This week I had the opportunity to bang into two broken systems.
First, the public health nurse who came to do my annual PCA evaluation (wherein she evaluates whether I still need the services of a personal care attendant) asked if my husband and I had discussed getting divorced so that, when I have to quit work, I will be able to continue to have a PCA. Second, I rode Metro Mobility, our local paratransit system and waited for my ride for an hour beyond the promised pickup time.
As I was bumping along in the bus, I realized I'm going to have to get better at working with broken systems. The good news is I'm not alone.
I googled "broken system" and discovered that I am surrounded by them. Our financial, immigration, education and healthcare systems have been described as broken…and that's just the first page of results!
So, hmm, what do I know about broken systems? Oh, right! I live in this body, which some people would no doubt describe is a broken system. Can't get much closer than that.
Learn as much as you can handle
Knowledge is power. The more I learn about how this system works, the more resourceful I will be in response.
On the other hand, there is more to know than I can take. I have to look at the big picture and make some guesses about what knowledge will be the most helpful. I have to learn a piece at a time or I get too overwhelmed.
Identify the experts
There are people who already know a lot about the system. If I can figure out who they are and talk to them, they can help me learn more quickly and efficiently.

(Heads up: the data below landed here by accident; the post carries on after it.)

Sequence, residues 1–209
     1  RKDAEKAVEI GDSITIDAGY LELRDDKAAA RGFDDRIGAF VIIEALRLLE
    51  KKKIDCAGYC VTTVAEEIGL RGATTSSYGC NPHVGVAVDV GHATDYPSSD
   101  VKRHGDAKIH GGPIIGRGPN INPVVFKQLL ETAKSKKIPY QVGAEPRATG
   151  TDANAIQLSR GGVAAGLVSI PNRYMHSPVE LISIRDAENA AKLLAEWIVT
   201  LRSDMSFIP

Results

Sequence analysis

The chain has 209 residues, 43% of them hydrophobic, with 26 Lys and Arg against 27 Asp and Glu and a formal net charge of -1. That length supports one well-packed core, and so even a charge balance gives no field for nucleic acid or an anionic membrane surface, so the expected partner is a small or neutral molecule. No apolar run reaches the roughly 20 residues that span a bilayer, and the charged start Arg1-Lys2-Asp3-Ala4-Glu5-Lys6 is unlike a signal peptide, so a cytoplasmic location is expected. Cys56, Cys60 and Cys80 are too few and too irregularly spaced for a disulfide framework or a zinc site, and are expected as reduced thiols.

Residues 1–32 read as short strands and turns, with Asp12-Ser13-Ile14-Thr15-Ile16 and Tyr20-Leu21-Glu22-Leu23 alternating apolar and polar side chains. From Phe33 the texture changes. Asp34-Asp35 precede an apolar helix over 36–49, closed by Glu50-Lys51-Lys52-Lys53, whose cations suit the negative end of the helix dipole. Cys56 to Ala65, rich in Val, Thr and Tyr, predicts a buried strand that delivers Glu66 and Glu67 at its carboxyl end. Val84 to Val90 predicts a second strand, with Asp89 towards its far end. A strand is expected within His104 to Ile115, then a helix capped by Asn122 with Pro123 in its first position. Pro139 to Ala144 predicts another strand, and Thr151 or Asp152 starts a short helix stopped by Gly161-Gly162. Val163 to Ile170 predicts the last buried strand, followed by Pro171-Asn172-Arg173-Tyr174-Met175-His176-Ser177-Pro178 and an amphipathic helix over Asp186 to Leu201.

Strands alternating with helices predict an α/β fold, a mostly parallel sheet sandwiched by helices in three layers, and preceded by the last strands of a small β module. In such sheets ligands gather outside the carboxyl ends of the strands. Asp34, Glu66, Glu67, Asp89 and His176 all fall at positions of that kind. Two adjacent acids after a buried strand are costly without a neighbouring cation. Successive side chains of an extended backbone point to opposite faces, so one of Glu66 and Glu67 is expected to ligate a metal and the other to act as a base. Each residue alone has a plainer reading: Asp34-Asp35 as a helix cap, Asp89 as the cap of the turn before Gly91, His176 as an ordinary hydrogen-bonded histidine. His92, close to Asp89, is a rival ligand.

I also need to remember that some of the experts do not have titles or letters behind their names. They are, as jargon has it, "consumers"-- those folks who have wrestled with the system from the inside out.
Notice what's working
Broken systems are so obviously broken that it's easy to miss what's working. I need to pay attention to what goes smoothly and easily. When I find those things, I need to:
- thank the folks who are doing a good job
- think of ways I can strengthen these pockets of righteousness. (See "advocate" below.)
About what's not working...
What's glaringly obvious about a broken system, of course, are all the things that are wrong with it. When I bump into those things, I can ask two questions:
- Can I make it better?
If yes, then hahloo hahlay, I should just have at it! If no, see question #2.
- Could I fix it if I had help?
If yes, then I can rally the troops and take action. If no, see question #3.
- Do I know who can make it better?
If yes, then I can contact them, let them know what I see is wrong and tell them any ideas I have about how to fix it. This is called advocacy. Unfortunately, many of the consumers of broken systems are unable to do it because of lack of knowledge and resources (including personal energy). If I can do it, I should! (Real Genius fans say it with me: "it's a moral imperative.")
If no, then I can do research to try to find out who can influence this system.
What if it just stinks?
Suppose I can't--even with help--do anything, my advocacy efforts have come to naught and the system is still broken?
Sometimes, the best offense is a good defense.
I need to protect myself, body, mind and spirit.
Having learned about the system and identified the experts and influencers, I can figure out what rules (nonsensical though they may be) are in place that might help me get what I need.
I can bear in mind that broken systems often don't make sense; it's not necessarily that something's wrong with me.
I can cultivate a state of mind and spirit that allow me to exist amidst the chaos. I need to put some thought, creativity and effort into creating my "bureaucratic happy place" whence, faced with the inequities and complexities of the broken system, I can retreat.
As it turns out, I have a lot of ideas about working with a broken system. Isn't it great (sarcasm) that I will have so many opportunities to practice them!